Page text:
A federal jury on Monday convicted a New York Police Department veteran of assaulting an officer during the U.S. Capitol riot, rejecting his claim that he was defending himself when he tackled the officer and grabbed his gas mask.
Thomas Webster, a 20-year NYPD veteran, was convicted on all six counts of the indictment he faced after two hours of jury deliberations.
Webster, 56, testified last week that he was trying to protect himself from a “rogue” police officer who punched him in the face. He also accused the Metropolitan Police Department officer, Noah Rathbun, of instigating the confrontation.
Rathbun testified that he didn’t punch or pick a fight with Webster as a violent mob attacked the Capitol on Jan. 6, 2021, disrupting Congress from certifying Joe Biden’s 2020 presidential election victory over then-president Donald Trump.
Webster took the stand in his defence last week. He said it felt like he was hit with a hammer or a freight train when Rathbun reached out with an open left hand and struck the right side of Webster’s face.
“It was painful, and I was seeing stars,” Webster said. “It was a hard hit, and all I wanted to do was defend myself.”
Rathbun, one of dozens of officers injured at the Capitol on Jan. 6, 2021, testified that he didn’t punch or pick a fight with Webster.
A grand jury indicted Webster on six counts, including a charge that he assaulted Rathbun with a dangerous weapon, a metal flag pole. Webster wasn’t accused of entering the Capitol on Jan. 6.
He’s scheduled to be sentenced on Sept. 2.
4th Capitol riot-related conviction
Webster’s jury trial is the fourth for a Capitol riot defendant. The first three Capitol riot defendants to get a jury trial were convicted of all charges in their respective indictments, while other defendants have pleaded guilty.
Webster was wearing a bulletproof vest and carrying a U.S. Marine Corps flag on a metal pole when he approached the Capitol on that day.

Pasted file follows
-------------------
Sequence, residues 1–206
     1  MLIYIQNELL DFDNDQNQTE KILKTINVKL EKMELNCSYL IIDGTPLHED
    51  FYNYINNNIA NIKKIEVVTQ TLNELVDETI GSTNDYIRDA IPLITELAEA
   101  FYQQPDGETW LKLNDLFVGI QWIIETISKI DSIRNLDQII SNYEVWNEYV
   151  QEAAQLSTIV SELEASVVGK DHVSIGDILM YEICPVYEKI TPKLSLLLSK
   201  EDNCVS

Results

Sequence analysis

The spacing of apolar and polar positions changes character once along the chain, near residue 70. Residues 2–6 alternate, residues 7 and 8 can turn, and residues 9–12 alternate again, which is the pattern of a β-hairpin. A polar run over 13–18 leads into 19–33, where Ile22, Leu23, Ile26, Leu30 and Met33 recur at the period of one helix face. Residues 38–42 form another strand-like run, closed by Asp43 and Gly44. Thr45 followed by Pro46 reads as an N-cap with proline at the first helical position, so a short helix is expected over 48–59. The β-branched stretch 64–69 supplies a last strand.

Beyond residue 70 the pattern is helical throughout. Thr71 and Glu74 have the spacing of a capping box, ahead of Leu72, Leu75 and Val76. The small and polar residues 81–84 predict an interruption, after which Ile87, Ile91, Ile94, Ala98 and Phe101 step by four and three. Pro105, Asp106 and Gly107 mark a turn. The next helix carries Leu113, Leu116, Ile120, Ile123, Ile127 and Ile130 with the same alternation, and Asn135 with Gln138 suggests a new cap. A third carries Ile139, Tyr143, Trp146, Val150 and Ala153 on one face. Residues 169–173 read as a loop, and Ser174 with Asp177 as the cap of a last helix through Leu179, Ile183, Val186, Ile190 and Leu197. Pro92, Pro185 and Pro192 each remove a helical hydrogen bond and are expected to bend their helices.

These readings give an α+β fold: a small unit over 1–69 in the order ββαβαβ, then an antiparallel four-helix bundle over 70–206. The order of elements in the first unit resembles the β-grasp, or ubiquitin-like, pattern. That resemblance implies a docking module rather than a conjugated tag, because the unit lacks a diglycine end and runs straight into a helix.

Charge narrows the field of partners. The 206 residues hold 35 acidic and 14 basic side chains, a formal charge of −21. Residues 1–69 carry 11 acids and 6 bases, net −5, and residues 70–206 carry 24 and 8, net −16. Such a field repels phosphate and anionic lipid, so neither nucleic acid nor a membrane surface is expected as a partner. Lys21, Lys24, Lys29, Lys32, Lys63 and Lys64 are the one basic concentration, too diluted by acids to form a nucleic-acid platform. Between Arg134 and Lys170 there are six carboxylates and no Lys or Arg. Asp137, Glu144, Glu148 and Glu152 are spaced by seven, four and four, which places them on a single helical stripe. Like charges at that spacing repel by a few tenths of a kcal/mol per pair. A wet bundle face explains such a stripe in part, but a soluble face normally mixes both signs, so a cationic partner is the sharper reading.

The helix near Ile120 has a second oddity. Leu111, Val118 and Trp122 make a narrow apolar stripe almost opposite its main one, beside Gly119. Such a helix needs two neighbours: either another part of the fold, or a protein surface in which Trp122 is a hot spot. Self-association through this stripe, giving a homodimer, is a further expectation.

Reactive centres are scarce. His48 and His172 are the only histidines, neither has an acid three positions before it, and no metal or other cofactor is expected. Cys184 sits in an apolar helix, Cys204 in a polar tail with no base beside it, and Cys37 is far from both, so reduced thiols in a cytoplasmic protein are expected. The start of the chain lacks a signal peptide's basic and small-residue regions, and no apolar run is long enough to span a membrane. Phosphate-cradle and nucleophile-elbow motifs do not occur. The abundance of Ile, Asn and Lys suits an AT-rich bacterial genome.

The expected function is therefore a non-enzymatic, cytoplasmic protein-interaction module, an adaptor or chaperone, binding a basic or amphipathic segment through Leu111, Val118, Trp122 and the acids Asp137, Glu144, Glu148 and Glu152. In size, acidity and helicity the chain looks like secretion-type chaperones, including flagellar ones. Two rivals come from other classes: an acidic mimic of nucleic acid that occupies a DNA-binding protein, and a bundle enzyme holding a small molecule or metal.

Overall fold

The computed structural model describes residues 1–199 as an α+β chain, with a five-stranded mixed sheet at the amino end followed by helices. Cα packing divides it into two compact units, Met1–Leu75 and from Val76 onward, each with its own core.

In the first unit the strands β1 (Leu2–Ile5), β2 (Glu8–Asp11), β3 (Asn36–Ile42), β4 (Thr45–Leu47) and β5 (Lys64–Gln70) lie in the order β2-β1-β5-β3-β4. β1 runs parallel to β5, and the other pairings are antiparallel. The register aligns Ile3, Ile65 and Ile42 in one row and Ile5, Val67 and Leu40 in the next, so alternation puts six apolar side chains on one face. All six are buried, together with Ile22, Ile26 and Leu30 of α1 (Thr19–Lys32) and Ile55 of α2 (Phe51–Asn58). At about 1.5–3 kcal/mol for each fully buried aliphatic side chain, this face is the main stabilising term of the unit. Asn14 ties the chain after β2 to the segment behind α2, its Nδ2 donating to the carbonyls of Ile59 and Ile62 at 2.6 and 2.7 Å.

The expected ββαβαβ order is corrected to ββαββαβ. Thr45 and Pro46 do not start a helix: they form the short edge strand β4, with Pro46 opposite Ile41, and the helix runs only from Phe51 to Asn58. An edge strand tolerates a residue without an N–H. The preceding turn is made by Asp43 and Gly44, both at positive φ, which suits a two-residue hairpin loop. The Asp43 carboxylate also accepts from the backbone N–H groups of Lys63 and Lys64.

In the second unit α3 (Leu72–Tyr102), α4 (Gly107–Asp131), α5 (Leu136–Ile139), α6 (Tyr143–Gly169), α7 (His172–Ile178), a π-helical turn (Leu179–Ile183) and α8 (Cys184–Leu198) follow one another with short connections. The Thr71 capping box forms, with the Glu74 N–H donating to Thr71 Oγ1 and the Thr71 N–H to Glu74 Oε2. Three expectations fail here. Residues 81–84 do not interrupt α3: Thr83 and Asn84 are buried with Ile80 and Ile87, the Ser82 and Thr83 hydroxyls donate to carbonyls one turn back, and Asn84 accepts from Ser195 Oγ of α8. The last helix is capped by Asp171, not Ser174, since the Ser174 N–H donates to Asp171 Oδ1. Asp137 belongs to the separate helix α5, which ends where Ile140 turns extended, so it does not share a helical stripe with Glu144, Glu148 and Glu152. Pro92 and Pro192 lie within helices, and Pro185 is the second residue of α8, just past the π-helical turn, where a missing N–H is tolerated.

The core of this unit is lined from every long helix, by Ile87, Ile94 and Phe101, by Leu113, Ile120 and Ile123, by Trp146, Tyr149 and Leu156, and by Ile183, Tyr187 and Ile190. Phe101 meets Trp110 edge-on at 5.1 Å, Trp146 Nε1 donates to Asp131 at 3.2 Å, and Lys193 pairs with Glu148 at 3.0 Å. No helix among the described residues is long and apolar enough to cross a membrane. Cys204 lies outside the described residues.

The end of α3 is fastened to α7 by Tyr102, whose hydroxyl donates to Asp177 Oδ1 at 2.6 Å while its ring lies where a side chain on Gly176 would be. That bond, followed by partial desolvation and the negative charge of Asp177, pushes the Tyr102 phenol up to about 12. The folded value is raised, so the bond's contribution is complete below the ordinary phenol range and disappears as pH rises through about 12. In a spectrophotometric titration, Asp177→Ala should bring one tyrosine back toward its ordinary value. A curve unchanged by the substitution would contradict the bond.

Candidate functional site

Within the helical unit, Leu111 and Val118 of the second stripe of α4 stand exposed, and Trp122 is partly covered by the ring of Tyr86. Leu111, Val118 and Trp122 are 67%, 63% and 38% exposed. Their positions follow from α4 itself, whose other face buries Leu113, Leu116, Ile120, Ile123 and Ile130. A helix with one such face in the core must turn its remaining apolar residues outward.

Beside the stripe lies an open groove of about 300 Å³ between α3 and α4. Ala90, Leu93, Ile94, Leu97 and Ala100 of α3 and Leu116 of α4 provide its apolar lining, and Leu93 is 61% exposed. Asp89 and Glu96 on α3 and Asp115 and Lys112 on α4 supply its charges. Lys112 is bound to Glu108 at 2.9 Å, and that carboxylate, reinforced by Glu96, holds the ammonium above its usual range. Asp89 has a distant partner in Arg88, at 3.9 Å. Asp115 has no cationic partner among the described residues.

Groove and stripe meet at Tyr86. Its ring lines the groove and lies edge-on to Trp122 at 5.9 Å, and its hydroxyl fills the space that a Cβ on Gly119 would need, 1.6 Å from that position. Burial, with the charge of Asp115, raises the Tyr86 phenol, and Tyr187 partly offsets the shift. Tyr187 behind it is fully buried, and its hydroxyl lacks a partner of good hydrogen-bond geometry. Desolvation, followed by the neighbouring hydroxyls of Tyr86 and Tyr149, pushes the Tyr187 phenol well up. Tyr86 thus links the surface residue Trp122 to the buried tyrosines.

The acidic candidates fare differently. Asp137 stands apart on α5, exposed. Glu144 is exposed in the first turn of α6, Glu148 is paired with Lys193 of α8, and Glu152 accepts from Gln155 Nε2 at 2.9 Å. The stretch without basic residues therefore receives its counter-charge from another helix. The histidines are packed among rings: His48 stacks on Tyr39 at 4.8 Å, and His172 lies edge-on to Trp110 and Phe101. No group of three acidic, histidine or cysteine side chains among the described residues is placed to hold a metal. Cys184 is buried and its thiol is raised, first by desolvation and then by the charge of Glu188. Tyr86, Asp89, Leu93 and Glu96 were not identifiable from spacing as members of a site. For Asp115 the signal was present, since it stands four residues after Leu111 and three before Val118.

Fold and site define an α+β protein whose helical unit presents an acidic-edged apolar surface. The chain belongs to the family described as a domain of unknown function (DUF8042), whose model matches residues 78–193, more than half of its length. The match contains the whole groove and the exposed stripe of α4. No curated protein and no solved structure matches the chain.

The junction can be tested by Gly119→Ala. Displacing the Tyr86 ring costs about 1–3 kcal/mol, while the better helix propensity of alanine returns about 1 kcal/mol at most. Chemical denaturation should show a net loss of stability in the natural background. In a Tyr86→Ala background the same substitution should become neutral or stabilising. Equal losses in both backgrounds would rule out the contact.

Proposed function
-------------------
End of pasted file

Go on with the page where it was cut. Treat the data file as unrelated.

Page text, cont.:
Video from Rathbun’s body camera shows that the officer touched Webster’s chest and shoved his face after the New York man slammed a bike rack at him. Rathbun said he was trying to move Webster back from a security perimeter that he and other officers were struggling to maintain behind a row of metal bike racks.
After Rathbun made contact with his face, Webster swung a metal flag pole at the officer in a downward chopping motion, striking a bike rack in front of the officer. After Rathbun grabbed the broken pole, Webster charged at the officer and tackled him to the ground.
Webster said he believed Rathbun was about to come after him and recalled thinking, “He’s gone rogue.”
“He’s acting in a manner unlike other police officers, and I’m concerned for my safety,” he said.
Rathbun testified that he started choking when Webster grabbed his gas mask, pressing the chin strap against the officer’s throat.
“That’s not a position that anyone wants to be in,” Rathbun said.
‘A unique moment in history’: defendant
Webster said he grabbed Rathbun by the gas mask because he wanted the officer to see his hands.
Webster said he went to the Capitol after hearing Trump’s speech to “petition” Congress to “relook” at the results of the 2020 presidential election but not to disrupt the joint session for certifying the Electoral College vote.
“It was a unique moment in history,” he said.
Webster, who lives near Goshen, N.Y., retired from the NYPD in 2011 after 20 years of service. His department service included a stint on then-mayor Michael Bloomberg’s private security detail. He served in the U.S. Marine Corps from 1985 to 1989 before joining the NYPD in 1991.
Webster’s trial was the first among dozens of cases in which Capitol riot defendants are charged with assaulting police.
More than 780 people have been charged with riot-related federal crimes. The Justice Department says over 245 of them have been charged with assaulting or impeding law enforcement.
Jan. 6 committee wants to hear from Republican trio
While those criminal investigations proceed, the Democratic-led House is probing the U.S. Capitol insurrection, looking at who may have supported Trump’s desperate attempt to stay in power.
Three more House Republicans received requests Monday to voluntarily appear before that congressional committee — Andy Biggs, Mo Brooks and Ronny Jackson, three members of the ultra-right House Freedom Caucus that have in recent years aligned themselves with Trump.
The nine-member panel is asking for the members of Congress to testify about their involvement in meetings at the White House, direct conversations with Trump as he sought to challenge the results of the 2020 presidential election as well as the planning and co-ordination of rallies on and before Jan. 6, 2021.
“It appears that a significant number of House members and a few senators had more than just a passing role in what went on,” Rep. Bennie Thompson, the Democratic chairman of the Jan. 6 committee, told The Associated Press last week.
The committee plans to hold a round of public hearings in June.